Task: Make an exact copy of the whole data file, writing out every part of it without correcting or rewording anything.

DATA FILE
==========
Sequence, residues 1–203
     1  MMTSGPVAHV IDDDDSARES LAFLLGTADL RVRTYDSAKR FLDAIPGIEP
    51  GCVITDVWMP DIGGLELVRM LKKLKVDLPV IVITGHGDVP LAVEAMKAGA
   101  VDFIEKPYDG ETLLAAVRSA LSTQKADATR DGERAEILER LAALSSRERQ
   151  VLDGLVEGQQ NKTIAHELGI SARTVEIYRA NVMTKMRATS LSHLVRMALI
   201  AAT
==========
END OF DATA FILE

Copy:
Sequence, residues 1–203
     1  MMTSGPVAHV IDDDDSARES LAFLLGTADL RVRTYDSAKR FLDAIPGIEP
    51  GCVITDVWMP DIGGLELVRM LKKLKVDLPV IVITGHGDVP LAVEAMKAGA
   101  VDFIEKPYDG ETLLAAVRSA LSTQKADATR DGERAEILER LAALSSRERQ
   151  VLDGLVEGQQ NKTIAHELGI SARTVEIYRA NVMTKMRATS LSHLVRMALI
   201  AAT